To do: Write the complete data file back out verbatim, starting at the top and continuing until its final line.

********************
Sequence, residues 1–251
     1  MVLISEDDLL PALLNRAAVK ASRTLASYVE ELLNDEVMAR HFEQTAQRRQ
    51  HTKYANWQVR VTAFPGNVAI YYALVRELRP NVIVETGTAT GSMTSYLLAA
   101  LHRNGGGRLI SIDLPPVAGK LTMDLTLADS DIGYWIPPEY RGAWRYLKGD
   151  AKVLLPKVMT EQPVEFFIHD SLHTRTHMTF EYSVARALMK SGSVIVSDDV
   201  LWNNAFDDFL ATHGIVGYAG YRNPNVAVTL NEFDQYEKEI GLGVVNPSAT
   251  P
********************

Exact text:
Sequence, residues 1–251
     1  MVLISEDDLL PALLNRAAVK ASRTLASYVE ELLNDEVMAR HFEQTAQRRQ
    51  HTKYANWQVR VTAFPGNVAI YYALVRELRP NVIVETGTAT GSMTSYLLAA
   101  LHRNGGGRLI SIDLPPVAGK LTMDLTLADS DIGYWIPPEY RGAWRYLKGD
   151  AKVLLPKVMT EQPVEFFIHD SLHTRTHMTF EYSVARALMK SGSVIVSDDV
   201  LWNNAFDDFL ATHGIVGYAG YRNPNVAVTL NEFDQYEKEI GLGVVNPSAT
   251  P